Univ.-Doz. Dr. med. Dr. scient. Raphael M. Bonelli
Sigmund Freud University,Vienna, Austria

Religion/spirituality has been increasinglyexamined in medical research during the past two decades. Despite theincreasing number of published studies, a systematic evidence-based review ofthe available data in the field of psychiatry has not been done during the last25 years. The literature was searched using PubMed (1990-2015). We examinedoriginal research on religion, religiosity, spirituality, and related termspublished in the top 25 % of psychiatry and neurology journals according to theISI journals citation index. The findings will be presented in the talk. Thereis good evidence that religious involvement is correlated with better mentalhealth in the areas of depression, substance abuse, and suicide; some evidencein stress-related disorders and dementia; insufficient evidence in bipolardisorder and schizophrenia, and no data in many other mental disorders.

Philip Clayton
Science and Religion in a World of Religious Pluralism

Two things are clear about religion in our day. On the one hand, predictions of secularists notwithstanding, religion is not “withering away”; globally it is expanding faster than ever. On the other, religious language is often used to promote dogmatism, violence, even terrorism.
Studies show that extremism in a religious community is inversely correlated with the degree of its engagement with science. This keynote will cover the new field of “science and comparative religious studies,” which promotes science-religion discussions within each major tradition. We will consider the diverse ways that the various religions are grappling with scientific methods and results and will seek to explain these differences. We also explore common features that arise across multiple traditions.
What concrete steps can be taken to foster a deeper appreciation of science within each of the world’s traditions? It’s encouraging to observe how ancient religious traditions are being transformed as they become allies rather than enemies of scientific progress. Conversely, the ancient wisdom traditions can contribute rich frameworks of value and motivations to compassionate action. Such altruism will be necessary if humans are to overcome nationalism and ethnocentrism and respond in time to the global climate crisis, the first truly global threat to life on this planet.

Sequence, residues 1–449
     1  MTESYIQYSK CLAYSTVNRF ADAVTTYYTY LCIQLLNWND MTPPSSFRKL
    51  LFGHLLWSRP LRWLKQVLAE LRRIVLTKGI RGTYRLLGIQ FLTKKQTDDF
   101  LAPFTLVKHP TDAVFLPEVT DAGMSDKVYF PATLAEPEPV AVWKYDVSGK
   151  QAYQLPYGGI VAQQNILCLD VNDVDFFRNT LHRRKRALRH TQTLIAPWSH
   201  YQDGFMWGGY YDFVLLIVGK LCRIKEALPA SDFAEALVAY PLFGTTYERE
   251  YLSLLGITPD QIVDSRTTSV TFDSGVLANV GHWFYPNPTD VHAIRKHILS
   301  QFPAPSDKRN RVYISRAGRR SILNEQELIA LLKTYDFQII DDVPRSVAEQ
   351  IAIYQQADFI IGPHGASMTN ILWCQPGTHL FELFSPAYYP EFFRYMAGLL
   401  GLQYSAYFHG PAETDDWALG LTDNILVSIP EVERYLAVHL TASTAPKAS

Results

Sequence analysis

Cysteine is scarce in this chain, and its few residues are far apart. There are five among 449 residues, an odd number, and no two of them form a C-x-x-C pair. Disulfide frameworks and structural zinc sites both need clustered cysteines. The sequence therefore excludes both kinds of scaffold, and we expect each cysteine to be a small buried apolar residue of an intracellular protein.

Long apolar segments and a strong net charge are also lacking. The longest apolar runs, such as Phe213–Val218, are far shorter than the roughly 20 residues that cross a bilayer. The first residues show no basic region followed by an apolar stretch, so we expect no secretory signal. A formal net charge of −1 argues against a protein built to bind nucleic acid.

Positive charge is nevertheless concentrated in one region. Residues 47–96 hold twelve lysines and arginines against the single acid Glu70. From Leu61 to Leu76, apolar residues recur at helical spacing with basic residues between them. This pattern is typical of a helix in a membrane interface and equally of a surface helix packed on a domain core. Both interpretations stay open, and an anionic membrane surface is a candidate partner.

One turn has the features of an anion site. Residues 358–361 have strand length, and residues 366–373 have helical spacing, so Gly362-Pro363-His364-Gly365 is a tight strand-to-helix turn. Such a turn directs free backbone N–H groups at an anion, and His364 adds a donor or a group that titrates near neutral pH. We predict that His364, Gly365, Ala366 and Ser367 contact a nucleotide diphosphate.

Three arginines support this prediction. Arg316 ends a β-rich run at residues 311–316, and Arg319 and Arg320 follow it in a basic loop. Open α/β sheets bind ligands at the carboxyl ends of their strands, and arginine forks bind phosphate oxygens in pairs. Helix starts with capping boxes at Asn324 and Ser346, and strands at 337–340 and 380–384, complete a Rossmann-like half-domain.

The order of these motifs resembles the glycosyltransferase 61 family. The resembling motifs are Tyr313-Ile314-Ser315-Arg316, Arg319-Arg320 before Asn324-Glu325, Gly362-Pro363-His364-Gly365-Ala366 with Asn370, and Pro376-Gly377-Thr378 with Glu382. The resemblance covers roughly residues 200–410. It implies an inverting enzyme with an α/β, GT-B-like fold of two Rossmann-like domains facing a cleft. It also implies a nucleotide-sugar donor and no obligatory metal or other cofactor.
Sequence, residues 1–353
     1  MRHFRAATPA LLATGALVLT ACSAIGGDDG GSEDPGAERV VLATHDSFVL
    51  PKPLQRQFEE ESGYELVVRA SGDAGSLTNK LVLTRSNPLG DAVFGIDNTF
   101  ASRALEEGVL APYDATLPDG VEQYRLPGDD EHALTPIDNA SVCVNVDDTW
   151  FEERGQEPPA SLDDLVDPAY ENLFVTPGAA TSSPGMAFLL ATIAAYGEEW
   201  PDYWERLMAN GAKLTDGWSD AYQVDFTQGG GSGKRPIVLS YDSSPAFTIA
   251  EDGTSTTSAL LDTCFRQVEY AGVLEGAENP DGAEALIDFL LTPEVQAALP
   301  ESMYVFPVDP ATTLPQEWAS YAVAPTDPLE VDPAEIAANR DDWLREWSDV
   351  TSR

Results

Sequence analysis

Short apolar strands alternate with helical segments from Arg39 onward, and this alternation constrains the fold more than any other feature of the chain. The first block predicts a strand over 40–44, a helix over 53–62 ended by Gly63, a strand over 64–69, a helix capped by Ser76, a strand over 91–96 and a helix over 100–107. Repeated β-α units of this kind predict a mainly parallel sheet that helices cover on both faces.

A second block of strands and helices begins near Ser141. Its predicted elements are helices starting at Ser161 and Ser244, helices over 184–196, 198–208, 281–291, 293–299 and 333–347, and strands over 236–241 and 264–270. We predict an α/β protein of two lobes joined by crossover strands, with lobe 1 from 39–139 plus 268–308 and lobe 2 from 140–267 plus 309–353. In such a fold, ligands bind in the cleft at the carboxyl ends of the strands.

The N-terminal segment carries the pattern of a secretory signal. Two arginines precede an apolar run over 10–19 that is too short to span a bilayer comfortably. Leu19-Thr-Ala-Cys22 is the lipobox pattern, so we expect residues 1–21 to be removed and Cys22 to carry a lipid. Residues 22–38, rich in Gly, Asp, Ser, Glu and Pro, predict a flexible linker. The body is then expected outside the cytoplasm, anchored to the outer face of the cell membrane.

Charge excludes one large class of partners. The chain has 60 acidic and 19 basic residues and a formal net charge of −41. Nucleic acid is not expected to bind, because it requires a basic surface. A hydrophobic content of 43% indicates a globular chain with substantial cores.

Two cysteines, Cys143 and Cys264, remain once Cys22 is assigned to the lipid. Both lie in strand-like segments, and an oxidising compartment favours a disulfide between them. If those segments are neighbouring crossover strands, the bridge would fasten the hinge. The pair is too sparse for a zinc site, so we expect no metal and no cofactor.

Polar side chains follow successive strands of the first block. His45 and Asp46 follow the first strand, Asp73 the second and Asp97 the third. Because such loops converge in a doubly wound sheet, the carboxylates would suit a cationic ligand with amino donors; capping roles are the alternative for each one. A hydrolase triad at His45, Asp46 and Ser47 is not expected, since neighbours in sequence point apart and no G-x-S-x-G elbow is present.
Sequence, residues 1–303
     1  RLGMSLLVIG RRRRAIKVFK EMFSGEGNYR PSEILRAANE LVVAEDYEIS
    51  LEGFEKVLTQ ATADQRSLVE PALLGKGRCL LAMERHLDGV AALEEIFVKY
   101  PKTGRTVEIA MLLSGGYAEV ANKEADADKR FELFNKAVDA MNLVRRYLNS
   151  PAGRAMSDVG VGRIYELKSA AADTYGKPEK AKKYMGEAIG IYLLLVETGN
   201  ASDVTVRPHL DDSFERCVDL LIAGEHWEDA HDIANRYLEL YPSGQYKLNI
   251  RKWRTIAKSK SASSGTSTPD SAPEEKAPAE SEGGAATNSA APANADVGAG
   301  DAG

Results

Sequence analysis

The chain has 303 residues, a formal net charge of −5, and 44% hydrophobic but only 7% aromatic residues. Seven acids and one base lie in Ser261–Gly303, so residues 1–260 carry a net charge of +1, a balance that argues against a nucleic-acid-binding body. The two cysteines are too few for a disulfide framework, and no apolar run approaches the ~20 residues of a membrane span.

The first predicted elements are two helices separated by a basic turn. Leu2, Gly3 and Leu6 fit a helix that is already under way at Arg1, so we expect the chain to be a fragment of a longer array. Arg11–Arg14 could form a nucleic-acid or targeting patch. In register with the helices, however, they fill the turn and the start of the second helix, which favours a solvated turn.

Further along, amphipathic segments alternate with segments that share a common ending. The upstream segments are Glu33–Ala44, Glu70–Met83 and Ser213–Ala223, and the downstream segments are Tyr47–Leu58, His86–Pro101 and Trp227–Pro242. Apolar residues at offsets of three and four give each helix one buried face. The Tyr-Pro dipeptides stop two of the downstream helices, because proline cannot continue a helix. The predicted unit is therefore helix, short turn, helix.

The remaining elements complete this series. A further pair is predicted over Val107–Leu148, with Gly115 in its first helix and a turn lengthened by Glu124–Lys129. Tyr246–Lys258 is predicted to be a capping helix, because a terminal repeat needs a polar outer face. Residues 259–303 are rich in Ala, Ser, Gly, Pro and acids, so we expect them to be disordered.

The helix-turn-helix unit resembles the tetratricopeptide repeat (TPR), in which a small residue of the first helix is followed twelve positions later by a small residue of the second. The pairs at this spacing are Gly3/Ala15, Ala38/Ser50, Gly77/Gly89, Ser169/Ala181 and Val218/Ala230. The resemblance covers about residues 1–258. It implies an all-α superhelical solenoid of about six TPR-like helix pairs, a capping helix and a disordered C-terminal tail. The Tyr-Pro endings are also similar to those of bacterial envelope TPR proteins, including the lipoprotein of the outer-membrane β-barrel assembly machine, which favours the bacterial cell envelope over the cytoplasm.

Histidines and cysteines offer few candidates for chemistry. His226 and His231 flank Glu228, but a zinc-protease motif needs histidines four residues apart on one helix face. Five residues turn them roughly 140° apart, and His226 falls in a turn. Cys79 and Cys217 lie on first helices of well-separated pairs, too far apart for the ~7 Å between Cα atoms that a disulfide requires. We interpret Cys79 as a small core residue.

Elaine Howard Ecklund, Prof.
Subjective Science and Rigid Religion
Rice University, Houston, TX, USA

The relationship between science and religion has once again become a contentious topic in the United States. But how much do we really know about scientists’ religious views, and how scientists in different national contexts compare with one another? How do the religious views of scientists in particular national contexts shape their practice, dissemination, and interpretation of science? And how does their scientific practice shape their religious interpretation and understanding? Through a 20,000 scientist survey and interviews with 600, Ecklund will examine the religious views of biologists and physicists from eight different nations. Ecklund will specifically explore how scientists in these different national contexts define science and religion as well as the relationship between the two and how religion relates to their research agendas, daily interactions with students, and ethical decisions and discussions. Initial findings show the legitimacy of science is maintained through boundary work with religion. And religion actually gains legitimacy from the tight boundaries maintained. When it violates this tight boundary by making claims that conflict with science, particularly in the form of creationist claims, scientists consider religion illegitimate and irrational. Yet, when religion is seen as adaptable to science, flexible rather than dogmatic, scientists believe religion may be beneficial.

Sayyed Mohsen Fatemi
The psychological ontology of the numinous